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EDINBURGH

M A G A Z I NE,

JANUARY-DECEMBER,

1851.

EDINBURGH:
SUTIERLAND AND KNOX;

SIMPKIN, MARSHALL AND CO., LONDON; AND JOHN ROBERTSON, DUBLIN.

MDCCOLI.

INDEX.

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PAGE. Adventure at a Buffalo-hunt

623 Isbel's Ground . Alterations in the Poor-law

325

Jack Raven's First Murder . Ariadne, The, or the Bagman Afloat

590

Last from Delphi, The Biographical Book-making

164 Last Stage-coachman, The . Bishops and their Incomes, The

505 Law Reforms of the Session Brooke, Sir James, and the Pirates of the Eastern

Legends of Ulster. By Frances Brown :Archipelago

607

The Burning of Belfast Castle Badgets and Bunglers

180

The May-eve's Yarra . Bureaucracy and Military Systems in France and

Literature of the Day, 60, 120, 183, 253, 322, 381, Germany

1

514,578, 643, 707, Carlisle, Lord, on Pope. By T. de Quincey, Esq. 229, 311 Little Difficulty in French Literature, A . Carlisle, Lord, Pope and Mr. de Quincey

482 Louis Kossuth Cathedral Trusts and their Fulfilment

389 March Gales and the Government Caves of Æolus, a Visit to the

445 Messenger, The .

653, Chamisso and the Shadowless Man

356 Money! All the Gold and Silver in the World Church and College in Scotland

453 Monks and Martyrs Church and School in Scotland .

638 Monsieur Hyacinthe of Geneva Coal-mine Explosions

370 Mourning and Half-mourning Coal-mines, How to put in Air and put out Fire in 660 Music, Drama, and the Fine Arts

55, Coal-pit, A Peep at a, and the People in it

535

Oliver Cromwell, Speech of, on Opening Parliament County-courts and Bar Etiquette

713

Parliamentary Session of 1851 Craigallan Castle 11, 71, 134, 197, 277, 330, 398, 457, 525

Pearl Divers, The Curiosities of Cowels Interpreter

216

Philosophy of Murder, The . Decline of Pauperism

193 Pigs and Pig-worship, An Essay on Discourse on Sunday, A

435 Places I have Seen. By Peregrine:Dissolving Views of Life

560

Darrynane, Valentia, Cahirciveen Early Rising, An Essay on

494

Hever Castle. Edward Rushton

321 Playbill Reminiscences Ellendeen, The Pools of

432 Pope. By Thomas de Quincey, Esq.

Popinjay Vindicated, The Fate and the Alphabet

170 Fine Arts - British Institute, The

177 POETRY:The Pre-Raphaelites

512

Anacreon. Ode xx.
The Royal Academy

377 Anniversary of the German Revolution
726

Arthur's Seat. An Apology.
Flâneur Abroad, The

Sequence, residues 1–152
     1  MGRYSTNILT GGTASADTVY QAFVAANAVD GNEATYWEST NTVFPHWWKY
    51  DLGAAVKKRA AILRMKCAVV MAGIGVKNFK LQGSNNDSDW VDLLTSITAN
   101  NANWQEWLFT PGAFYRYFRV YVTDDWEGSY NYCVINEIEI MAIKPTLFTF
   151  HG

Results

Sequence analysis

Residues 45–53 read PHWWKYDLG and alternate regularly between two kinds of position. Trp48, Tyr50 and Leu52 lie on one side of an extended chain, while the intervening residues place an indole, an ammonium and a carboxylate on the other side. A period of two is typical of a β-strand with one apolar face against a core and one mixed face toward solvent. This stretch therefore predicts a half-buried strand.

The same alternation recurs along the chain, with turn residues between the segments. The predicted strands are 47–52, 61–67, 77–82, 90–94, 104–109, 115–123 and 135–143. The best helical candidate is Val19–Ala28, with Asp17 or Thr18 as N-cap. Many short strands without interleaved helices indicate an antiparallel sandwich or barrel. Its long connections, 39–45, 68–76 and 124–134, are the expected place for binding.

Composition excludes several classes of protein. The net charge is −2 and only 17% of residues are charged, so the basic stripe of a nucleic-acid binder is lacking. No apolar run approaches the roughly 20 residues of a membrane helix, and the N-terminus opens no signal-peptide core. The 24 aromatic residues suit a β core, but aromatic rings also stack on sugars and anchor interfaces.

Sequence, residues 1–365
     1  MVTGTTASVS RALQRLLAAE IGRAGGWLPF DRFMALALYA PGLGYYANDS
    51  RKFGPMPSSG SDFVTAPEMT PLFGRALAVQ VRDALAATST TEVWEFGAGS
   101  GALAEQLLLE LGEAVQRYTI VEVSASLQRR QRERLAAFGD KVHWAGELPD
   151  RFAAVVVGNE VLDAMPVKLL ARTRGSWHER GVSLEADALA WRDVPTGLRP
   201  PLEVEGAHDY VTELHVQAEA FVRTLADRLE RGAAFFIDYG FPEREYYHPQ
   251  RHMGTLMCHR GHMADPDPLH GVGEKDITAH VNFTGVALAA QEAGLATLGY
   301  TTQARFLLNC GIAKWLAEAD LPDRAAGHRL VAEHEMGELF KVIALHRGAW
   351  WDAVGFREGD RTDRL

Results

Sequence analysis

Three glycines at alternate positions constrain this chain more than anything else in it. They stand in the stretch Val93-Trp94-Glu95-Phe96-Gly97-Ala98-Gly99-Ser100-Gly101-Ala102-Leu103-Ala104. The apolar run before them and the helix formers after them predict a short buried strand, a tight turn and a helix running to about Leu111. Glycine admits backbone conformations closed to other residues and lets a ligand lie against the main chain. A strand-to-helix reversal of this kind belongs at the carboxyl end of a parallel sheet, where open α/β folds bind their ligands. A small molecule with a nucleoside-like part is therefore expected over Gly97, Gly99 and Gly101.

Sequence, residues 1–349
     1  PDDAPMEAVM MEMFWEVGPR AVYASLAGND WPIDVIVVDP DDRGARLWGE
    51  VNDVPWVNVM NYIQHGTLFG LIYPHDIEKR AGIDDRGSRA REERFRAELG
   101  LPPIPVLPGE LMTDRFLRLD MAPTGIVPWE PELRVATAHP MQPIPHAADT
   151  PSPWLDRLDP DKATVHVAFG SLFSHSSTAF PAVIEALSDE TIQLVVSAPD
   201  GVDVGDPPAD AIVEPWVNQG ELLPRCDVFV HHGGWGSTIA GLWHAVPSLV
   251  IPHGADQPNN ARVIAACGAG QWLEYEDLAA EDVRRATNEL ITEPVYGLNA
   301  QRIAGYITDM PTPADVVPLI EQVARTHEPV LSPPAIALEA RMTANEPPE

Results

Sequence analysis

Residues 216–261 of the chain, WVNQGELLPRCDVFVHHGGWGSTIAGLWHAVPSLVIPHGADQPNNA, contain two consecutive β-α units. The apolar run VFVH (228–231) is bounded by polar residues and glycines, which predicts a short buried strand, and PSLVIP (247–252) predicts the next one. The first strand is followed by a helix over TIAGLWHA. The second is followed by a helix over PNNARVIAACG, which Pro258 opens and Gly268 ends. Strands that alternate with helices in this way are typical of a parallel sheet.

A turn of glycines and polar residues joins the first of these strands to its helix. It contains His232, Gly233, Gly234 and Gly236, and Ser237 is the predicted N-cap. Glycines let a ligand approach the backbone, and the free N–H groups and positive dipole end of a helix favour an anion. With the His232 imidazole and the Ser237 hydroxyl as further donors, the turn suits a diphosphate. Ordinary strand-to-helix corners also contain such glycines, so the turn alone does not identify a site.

Barbarossa Ghost-seer of Tresillion .

677

Clyde, The Great Eshibition

261

Dean of Badajoz, The Hat of the Future, The .

109

Death and the Doctor Heine, his Works and Times

618, 679

Departure of Summer, The Hint to the Damb, A

551

Doctors' Commons Homeopathy, On

732

Ermengarde Impressions de Voyage .

373 Gethsemane; or, the Death of Julia Industrial Investment in Lands and Houses

575 Latona

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POETRY:-(Continued)

PAGE. REVIEWS :-(Continued)
Lay of the Briefless, A
443 Italia Militans

570
The Finale
502 Lavengro

270
May
292 Pre-Raphaelitism

626
O'Donoughoo and the Devil
168 Queens of Scotland, The

238
Saint Peter's Eve
209 Sir Reginald Mohun

308
Soul Death
397 Stones of Venice, The

286
The Temples. The Templar's Luncheon
223 Scottish Archæology

92
Thunder and Small Beer .
79 Wordsworth, Memoirs of William

368
Trolls for the Times
10, 105, 163 Scottish Cavalier of the Olden Time

744
Public Companies
63, 452, 516, 647, 712 Scottish Universities, Reform of the.

65
Quaker in Harness

Sie Sollen Ich Nicht Haben

486
85

245
Quakerism, Internal Life of .

Siege of Smithfield, The
424

668
Queen Victoria

Sketches of Irish Society
649
Sorrows of Thespis, The

600
Reaction, Its Origin and Limits

674
Recollections of Texas

Tales from the Old Dramatists. No. II.-The
210
Duchess of Malfi

24
Roundheads before Pontefract, The .

39
Temple Laundress, The

559
REVIEWS:

Tenant-right and Farming Leases

129
Carlyle's Life of Sterling

699
Triumph of Despotism

113
Chalmers, Life of Dr.

561
Charles II., Personal History of

353
Vault-house Bell, The

489
Dahomey and the Dahomans
300 | What is it all About?

43
Dreamers and Workers
304 Whig Family Compact, The

316
Eastern Travels of the Season

467 Working-man's Way in the World, 146, 224, 293, 345,
Goth and the Hun, The

495

413, 473, 542, 629, 684, 750
Hartley Coleridge.

267

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TAIT'S EDINBURGH MAGAZINE.

JANUARY, 1851.